OAuth 1.0 APIs typically issued extremely long-lasting access tokens. These tokens could last indefinitely, or on the order of a year. While convenient for developers, this proved limiting to some service providers in certain situations.
Responsible API providers should allow users to see which third-party apps they have authorized to use their account, and should be able to revoke apps if desired. If a user revokes an app, the API should stop accepting the access tokens issued to that app as soon as possible. Depending on how the API was implemented, this could be challenging or require additional ties between internal parts of the system.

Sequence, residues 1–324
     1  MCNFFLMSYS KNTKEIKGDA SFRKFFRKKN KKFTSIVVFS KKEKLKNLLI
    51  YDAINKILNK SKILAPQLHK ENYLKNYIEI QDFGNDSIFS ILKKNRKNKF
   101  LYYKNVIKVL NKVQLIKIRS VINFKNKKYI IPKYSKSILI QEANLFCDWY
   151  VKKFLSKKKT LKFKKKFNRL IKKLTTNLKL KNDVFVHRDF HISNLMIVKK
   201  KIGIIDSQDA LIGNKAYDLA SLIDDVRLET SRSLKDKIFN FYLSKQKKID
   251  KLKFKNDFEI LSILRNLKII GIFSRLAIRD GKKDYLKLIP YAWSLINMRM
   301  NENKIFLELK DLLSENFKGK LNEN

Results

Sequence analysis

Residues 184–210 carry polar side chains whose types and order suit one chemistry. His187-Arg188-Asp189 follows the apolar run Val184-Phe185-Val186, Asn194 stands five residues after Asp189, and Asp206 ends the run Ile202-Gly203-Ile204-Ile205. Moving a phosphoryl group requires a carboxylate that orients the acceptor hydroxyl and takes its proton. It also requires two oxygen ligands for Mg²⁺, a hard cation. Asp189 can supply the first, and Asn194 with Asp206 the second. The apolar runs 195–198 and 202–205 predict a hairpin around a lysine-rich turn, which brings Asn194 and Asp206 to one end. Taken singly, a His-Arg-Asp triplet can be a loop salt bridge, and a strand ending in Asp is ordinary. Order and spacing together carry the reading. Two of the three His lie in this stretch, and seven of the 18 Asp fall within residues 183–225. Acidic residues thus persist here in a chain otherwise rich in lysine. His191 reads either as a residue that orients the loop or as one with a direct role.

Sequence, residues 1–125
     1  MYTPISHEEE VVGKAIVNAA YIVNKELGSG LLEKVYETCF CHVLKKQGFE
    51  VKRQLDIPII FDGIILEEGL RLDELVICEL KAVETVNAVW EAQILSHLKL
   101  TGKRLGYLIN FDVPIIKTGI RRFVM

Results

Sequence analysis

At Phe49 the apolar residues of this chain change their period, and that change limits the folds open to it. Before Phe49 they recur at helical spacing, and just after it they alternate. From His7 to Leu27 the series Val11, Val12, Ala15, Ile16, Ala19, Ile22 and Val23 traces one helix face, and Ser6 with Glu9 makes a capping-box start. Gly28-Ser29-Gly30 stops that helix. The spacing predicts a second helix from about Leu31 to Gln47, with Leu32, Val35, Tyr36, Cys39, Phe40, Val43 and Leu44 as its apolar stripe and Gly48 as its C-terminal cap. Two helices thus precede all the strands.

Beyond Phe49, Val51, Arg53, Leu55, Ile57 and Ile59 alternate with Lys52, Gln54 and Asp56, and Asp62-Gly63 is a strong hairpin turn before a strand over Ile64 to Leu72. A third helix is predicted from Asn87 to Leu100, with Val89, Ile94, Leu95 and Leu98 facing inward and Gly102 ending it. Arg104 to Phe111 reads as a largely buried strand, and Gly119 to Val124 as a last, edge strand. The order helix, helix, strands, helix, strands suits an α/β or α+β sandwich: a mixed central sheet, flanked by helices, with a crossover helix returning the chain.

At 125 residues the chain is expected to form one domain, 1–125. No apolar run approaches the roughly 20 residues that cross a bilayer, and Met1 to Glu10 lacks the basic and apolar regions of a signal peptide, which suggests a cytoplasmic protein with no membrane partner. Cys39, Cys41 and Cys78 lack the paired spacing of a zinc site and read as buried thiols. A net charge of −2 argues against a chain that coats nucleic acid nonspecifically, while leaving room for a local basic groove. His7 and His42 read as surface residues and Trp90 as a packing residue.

With OAuth 2.0, the authorization server can issue a short-lived access token and a long-lived refresh token. This allows apps to obtain new access tokens without involving the user again, but also adds the ability for servers to revoke tokens easier. This feature was adopted from Yahoo!’s BBAuth protocol and later its OAuth 1.0 Session Extension.
See Refreshing Access Tokens for more information.